As Michael Francis conducts Pacific Symphony in its first performances of Elgar’s Symphony No. 1 this weekend, I thought it would be a good time to share this historical film of Elgar himself conducting the “Pomp and Circumstance” March No. 1.
The occasion is the opening of the Abbey Road Studios in London on November 12, 1931. The words of Elgar at the beginning: “Good morning gentlemen. Glad to see you all. Very light program this morning. Please play this tune as though you’ve never heard it before.”
As mentioned in my previous post on Sousa, the United States Marine Band is currently immersed in creating a new edition of all of the marches, in chronological order. Not only are the band’s recordings available for free downloading, but the scores and parts are too. Listen below to the Marine Band’s new recording of the march, follow along with the piccolo part and enjoy the single greatest countermelody in all of Sousa.
John Philip Sousa in front of a marching band in 1914.
By TIMOTHY MANGAN
Summer is upon us and that means that, as Americans, at some point in the next few months most of us will hear a Sousa march. The Pacific Symphony alone has four of them on its schedule. Richard Kaufman will lead the well known trio of marches, “The Washington Post,” “Semper Fidelis” and “The Stars and Stripes Forever,” on July 4, and later in the month, in three Symphony in the Cities concerts, Carl St.Clair will present “Hands Across the Sea” and, again, “The Stars and Stripes Forever.”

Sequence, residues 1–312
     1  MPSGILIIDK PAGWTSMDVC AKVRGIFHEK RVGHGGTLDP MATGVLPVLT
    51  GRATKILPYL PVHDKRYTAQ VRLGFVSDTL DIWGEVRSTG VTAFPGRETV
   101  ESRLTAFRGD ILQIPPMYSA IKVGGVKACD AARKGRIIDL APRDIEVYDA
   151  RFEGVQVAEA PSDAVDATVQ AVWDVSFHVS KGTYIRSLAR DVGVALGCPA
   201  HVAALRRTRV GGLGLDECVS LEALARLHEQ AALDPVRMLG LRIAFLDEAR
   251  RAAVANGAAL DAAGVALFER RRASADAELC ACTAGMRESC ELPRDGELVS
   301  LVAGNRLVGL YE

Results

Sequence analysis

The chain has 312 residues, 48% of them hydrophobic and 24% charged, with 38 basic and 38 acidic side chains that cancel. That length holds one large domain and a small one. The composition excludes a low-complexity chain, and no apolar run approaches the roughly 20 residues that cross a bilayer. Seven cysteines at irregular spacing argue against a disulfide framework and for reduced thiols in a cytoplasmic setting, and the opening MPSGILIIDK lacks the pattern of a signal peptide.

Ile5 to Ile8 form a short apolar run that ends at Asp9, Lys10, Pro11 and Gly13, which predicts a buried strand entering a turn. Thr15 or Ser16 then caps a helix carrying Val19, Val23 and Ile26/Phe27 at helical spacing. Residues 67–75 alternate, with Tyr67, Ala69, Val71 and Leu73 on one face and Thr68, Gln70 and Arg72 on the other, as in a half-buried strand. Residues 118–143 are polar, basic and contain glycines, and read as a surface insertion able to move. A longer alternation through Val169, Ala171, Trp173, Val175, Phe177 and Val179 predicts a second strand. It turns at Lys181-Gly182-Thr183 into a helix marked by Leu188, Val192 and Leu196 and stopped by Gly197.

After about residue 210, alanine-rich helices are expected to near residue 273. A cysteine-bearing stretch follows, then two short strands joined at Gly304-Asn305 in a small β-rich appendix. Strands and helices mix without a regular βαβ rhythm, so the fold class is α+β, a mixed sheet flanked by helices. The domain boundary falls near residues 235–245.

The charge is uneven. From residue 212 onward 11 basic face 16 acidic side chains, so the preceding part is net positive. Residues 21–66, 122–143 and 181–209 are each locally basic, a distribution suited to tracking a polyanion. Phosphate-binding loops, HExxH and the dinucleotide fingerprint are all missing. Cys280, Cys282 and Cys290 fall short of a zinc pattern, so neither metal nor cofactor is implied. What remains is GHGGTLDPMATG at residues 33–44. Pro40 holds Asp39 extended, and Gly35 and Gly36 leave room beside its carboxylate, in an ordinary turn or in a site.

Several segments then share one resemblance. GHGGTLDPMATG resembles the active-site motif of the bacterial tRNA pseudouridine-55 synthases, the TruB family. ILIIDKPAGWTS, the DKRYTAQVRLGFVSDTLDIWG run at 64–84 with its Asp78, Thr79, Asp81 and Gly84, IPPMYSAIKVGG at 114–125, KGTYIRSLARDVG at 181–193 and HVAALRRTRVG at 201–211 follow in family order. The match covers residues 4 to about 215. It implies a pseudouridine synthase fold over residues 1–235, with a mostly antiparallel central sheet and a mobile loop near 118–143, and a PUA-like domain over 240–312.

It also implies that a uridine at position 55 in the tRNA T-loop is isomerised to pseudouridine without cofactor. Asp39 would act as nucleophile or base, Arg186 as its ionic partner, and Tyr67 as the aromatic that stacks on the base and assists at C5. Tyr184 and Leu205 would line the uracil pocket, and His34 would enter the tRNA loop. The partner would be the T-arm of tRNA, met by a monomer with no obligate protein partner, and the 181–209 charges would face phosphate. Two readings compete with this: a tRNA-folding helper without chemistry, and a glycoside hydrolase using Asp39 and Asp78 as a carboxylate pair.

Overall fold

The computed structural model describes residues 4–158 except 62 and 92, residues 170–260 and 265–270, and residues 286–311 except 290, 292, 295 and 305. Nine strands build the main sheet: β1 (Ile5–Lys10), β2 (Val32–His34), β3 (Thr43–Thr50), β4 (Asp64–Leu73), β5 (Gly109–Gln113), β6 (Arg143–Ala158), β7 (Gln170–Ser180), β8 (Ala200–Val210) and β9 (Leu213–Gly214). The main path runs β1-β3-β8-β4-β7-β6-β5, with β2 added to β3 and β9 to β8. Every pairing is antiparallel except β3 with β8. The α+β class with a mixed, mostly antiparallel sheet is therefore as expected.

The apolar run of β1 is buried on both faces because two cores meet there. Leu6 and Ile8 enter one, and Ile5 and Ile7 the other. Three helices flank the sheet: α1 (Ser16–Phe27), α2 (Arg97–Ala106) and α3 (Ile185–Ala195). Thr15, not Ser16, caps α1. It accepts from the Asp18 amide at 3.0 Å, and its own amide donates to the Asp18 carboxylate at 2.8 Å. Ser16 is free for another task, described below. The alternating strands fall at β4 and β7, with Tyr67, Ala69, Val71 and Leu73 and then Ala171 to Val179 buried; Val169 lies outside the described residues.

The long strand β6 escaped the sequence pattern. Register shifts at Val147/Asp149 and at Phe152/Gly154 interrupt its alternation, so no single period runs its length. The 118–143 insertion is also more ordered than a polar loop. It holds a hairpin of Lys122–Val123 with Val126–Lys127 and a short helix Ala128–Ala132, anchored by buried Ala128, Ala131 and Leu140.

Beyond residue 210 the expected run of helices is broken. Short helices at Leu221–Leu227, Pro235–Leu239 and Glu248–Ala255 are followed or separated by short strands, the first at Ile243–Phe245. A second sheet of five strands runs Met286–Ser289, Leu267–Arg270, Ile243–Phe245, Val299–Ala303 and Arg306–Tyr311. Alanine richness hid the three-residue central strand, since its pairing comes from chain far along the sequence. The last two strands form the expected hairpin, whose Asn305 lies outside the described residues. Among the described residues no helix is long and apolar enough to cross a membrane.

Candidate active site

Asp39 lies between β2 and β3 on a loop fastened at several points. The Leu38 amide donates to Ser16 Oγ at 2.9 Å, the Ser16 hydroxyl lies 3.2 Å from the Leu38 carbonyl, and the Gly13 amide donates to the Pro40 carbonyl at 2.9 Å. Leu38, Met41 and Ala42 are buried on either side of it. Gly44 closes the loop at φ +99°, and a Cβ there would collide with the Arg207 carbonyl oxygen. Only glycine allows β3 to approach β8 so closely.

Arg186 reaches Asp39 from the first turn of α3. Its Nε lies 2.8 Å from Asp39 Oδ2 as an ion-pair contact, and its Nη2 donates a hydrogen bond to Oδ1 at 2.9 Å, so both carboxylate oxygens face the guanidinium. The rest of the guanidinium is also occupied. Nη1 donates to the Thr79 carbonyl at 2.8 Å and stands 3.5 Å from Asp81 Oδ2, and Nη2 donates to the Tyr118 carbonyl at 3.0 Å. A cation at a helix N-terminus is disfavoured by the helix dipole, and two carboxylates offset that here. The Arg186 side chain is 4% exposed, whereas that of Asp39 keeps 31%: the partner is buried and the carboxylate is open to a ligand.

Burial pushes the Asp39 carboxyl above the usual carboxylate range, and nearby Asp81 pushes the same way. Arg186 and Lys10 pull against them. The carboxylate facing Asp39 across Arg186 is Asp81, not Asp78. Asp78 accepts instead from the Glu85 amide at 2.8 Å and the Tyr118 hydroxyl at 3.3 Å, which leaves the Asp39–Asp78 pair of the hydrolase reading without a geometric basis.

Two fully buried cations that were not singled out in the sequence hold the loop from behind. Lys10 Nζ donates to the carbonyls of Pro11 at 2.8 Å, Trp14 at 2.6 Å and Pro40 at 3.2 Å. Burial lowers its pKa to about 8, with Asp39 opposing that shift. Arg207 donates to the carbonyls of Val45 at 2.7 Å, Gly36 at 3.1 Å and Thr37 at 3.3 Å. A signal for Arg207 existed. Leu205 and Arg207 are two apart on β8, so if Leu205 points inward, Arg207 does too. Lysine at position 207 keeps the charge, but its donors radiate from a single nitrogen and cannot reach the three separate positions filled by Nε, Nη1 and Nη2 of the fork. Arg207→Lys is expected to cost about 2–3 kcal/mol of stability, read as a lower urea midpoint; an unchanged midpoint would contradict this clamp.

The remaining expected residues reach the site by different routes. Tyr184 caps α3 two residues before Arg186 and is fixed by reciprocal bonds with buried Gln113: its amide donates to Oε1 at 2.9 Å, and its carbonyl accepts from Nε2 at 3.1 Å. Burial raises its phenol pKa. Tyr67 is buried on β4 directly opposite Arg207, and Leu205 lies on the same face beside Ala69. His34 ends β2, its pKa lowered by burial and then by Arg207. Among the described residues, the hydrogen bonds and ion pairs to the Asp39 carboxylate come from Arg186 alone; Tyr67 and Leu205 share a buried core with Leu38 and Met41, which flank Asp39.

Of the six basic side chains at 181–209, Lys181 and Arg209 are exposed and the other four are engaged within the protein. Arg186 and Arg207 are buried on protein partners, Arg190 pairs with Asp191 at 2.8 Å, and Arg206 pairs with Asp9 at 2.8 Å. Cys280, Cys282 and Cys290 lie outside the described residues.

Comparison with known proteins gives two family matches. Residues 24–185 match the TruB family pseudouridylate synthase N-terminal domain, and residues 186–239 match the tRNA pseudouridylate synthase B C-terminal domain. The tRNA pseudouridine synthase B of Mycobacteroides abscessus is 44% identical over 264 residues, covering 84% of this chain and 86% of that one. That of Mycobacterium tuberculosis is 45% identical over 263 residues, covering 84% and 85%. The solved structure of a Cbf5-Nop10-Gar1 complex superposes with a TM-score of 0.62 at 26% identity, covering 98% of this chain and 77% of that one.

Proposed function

Across the country, most if not all other classical music ensembles and concert bands that present outdoor concerts will also perform Sousa. Lots of people will hear Sousa marches. One can’t say for sure how many of those people will actually listen to them — Sousa is taken for granted, these days — but they’ll hear them.
John Philip Sousa (1854-1932) was a remarkable man and a remarkable musician. In his day, he was one of the most famous people in the country, and plenty famous outside of it too. He was a novelist, a composer of operettas, a champion trapshooter (he’s in the trapshooting hall of fame), a founding member (along with Victor Herbert and Irving Berlin) of the American Society of Composers, Authors, and Publishers, the developer of the sousaphone, a showman. He was best known, though, for his band — the Sousa Band toured the country and the world and gave 15,623 concerts between 1892-1931— and for his marches. He was dubbed, of course, “The March King.”